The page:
We were scheduled on a midday train to leave Flam for Oslo, but I simply couldn't go.
I pleaded with Mark to agree to change our itinerary for this gem here: Borgund Stave Church.
I had always wanted to see a stave church, and only a couple dozen are left in the world. This one is the best-preserved, built sometime between 1180 and 1250 A.D.
We had to go.
I got my way, bless his heart. :)
My love of stave churches was born at EPCOT, where Mark and I dated on the weekends with our seasonal passes while I was in high school. In Norway (at EPCOT--follow me here...) there is a replica of Gol Stave Church, which we saw in Oslo at the Open-Air Folk Museum, where it had been relocated from Gol.
Borgund Stave Church was almost identical to the Gol Stave Church (see our visit to Gol Stavkirke HERE).
Below is the stave church I love so dearly at EPCOT:
But there's nothing like visiting a REAL one in its natural, ancient setting.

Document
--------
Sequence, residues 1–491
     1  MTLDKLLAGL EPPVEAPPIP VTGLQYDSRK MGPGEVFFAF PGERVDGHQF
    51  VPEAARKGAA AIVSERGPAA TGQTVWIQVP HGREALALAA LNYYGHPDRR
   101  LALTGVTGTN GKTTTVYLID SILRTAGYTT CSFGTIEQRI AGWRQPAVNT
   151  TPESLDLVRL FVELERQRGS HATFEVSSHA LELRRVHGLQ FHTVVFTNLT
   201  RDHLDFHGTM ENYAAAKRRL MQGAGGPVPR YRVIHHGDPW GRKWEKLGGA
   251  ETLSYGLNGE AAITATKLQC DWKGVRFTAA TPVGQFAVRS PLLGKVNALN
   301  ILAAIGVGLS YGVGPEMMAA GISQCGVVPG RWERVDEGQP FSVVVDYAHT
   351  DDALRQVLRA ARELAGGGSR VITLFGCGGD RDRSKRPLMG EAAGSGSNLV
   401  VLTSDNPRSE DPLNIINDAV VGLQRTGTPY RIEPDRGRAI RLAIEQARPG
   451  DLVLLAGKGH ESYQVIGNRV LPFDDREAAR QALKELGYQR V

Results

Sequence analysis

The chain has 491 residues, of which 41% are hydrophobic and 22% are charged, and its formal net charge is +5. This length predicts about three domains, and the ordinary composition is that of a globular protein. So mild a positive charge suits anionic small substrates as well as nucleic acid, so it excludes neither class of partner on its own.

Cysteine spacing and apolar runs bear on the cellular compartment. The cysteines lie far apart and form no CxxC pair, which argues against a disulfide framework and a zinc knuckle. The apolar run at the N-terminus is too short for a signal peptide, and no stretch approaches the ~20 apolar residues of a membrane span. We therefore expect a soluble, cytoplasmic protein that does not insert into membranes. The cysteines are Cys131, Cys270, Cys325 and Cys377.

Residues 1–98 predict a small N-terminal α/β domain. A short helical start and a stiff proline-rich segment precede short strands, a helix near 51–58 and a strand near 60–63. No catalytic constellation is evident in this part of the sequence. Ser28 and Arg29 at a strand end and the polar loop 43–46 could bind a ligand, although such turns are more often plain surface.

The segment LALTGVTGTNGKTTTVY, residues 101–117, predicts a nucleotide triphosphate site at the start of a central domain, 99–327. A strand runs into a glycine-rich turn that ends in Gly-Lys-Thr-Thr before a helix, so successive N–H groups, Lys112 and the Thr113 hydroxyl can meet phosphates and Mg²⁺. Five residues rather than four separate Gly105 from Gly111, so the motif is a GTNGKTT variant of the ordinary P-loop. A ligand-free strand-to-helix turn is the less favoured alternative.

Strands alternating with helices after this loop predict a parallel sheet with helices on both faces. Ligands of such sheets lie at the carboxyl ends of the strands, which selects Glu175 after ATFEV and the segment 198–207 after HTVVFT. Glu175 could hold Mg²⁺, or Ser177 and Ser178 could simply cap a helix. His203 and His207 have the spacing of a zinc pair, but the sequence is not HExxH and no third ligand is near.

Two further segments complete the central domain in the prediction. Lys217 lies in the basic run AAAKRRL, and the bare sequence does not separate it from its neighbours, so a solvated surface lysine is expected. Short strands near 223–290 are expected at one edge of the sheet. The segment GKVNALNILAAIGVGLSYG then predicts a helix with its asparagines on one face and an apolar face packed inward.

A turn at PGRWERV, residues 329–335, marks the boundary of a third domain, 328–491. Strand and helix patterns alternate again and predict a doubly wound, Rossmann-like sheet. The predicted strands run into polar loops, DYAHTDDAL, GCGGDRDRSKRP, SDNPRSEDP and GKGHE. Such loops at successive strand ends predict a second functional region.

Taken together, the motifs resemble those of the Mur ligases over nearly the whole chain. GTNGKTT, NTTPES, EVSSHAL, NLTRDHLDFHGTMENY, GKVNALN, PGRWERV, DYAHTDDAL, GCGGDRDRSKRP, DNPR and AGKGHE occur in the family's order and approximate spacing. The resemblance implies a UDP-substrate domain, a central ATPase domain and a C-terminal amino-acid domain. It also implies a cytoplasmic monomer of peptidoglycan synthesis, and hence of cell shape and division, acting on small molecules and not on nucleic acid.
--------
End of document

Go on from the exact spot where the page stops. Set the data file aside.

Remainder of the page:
It was a marvel to behold.
The church had intricate carvings evoking snakes and dragon gargoyles to frighten evil spirits. And under the floorboards, unbaptized infants (who were unfit for burial in the churchyard--imagine what Jesus would say about that!) were secretly entombed to be a bit nearer to heaven.
Check out those dragons!
A separate church (red one) was built nearby in 1868, which is where the Borgund Parish meets today. This odd building in front is a bell tower.
There was a wedding to be held within this magnificent ancient wonder. They began setting up chairs and the Sacrament shortly after we'd arrived.
The church has a strong odor of linseed oil and the tar that's slathered all over the wood to preserve it. Because it's built on rock, the church doesn't rot.
I'm so grateful for those extra hours in the fjords to really take in the spirit of Norway.
Even if it meant getting into Oslo past midnight :)